Transcript from the "The Problem of Sharing State" Lesson
>> Brian Holt: So what happens, in fact this is actually a problem that we have right now in our application. We have this adopt me page like the results page, right. And then we have a SearchParams page but they're not talking to each other yet. We have state that lives in one route and we need to pass it to the other route, right.
[00:00:18] So how do we do that? Well, there's actually quite a elegant and simple way of doing that which typically I would advise you how to do. The way that I would do that, if I come into my code here, is I would move everything from SearchParams. So breed, animal, and location I would move this up into App.js, right.
[00:00:40] Because this is the common parent between results and SearchParams. And then I would pass both those things in as props to result in searchParams, right. And then both of them would have access to the same shared data. In general this is what I would advise you to do.
[00:00:58] This is what React was designed around as being able to share your state as props to children, right. And then I would move the handle breed selector into app as well, and pass those event selectors in. So that the children can call functions on the parents, right. In fact, I have this code written out for you and I wanna show it to you, here without context this branch down here.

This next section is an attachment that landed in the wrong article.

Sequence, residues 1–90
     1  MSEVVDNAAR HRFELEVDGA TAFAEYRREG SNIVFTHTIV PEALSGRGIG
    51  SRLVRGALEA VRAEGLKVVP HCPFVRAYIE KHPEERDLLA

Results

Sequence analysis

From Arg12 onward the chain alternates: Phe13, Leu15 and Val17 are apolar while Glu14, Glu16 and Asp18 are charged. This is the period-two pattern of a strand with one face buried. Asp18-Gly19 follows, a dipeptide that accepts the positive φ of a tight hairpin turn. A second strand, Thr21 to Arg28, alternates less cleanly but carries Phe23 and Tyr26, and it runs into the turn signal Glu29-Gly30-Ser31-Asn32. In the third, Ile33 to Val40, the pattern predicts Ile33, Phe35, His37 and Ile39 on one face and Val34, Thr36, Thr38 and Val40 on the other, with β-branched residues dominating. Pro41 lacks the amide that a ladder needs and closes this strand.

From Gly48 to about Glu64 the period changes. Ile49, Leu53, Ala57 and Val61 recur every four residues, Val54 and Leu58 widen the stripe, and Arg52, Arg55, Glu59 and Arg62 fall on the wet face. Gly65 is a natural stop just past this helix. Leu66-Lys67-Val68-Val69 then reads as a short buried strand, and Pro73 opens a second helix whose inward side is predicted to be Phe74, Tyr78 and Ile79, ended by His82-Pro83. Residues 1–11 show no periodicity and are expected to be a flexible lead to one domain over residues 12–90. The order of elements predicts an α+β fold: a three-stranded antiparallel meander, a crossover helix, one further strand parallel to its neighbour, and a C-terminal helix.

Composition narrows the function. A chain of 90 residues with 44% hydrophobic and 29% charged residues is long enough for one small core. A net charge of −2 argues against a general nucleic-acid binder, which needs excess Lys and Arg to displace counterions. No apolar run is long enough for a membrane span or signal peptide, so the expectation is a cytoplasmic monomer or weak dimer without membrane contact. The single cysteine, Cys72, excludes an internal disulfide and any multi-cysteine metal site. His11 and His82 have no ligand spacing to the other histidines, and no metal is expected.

>> Brian Holt: Okay, I have it open as a pull request so we can see the div.
>> Brian Holt: So if you look into app.js, we start tracking all the stuff in state. So you can see we have city-state up here, which there's a conflict between what router wanted to call it's location and what I wanted to call location.
[00:01:55] So I called it city-state instead here and then I have all these methods. Can I just say view, here we go.
>> Brian Holt: So I moved the state up here into app, and then I probably make this a little bit bigger too.
>> Brian Holt: And then I moved all these event handlers into app.js
>> Brian Holt: And well as get breeze as well.
>> Brian Holt: And then notice that I start passing all these things into SearchParams and into Results as well. So this is how I would typically advise you how to do it, right. Move everything into App.js, the common parent, and then pass all those event handlers into both of them, if they need to handle events, as well as all the state.
[00:02:47] And now, Results and SearchParams can individually use these things as prompts. So just what that looks like inside of. So instead here in results, because this is getting passed in from the parent I'd refer to location as the stop prompts at location. Animal at the stop prompt of animal.
[00:03:05] And then I would use all that data inside of results.js. In general this is how you wanna handle this kind of thing, right. Does that make sense? This is the entire magic of React, it's just passing props around and managing state, and that's really it. And honestly we can end the class here, and you would have a pretty good understanding now of how React works.
[00:03:27] The only thing that's left is advanced features, and that's what the rest this course is gonna be about, everything else is just managing state and props and components. States, props, and components and that's really the end of it. This is why I like React, this is why I teach React, this is why I write React at every job that I go to is because it's knowable, right.
[00:03:48] A day and a half and you're done with knowing what React does. Now that's not the complete picture, we still have to talk about the ecosystem around it but in general what I've shown you here is just passing at state and prompts.
>> Brian Holt: But it wouldn't be fun to end here, we got tons more stuff to talk about.
[00:04:08] So we'll start getting more into the advance stuff here, more of like the intermediate react stuff.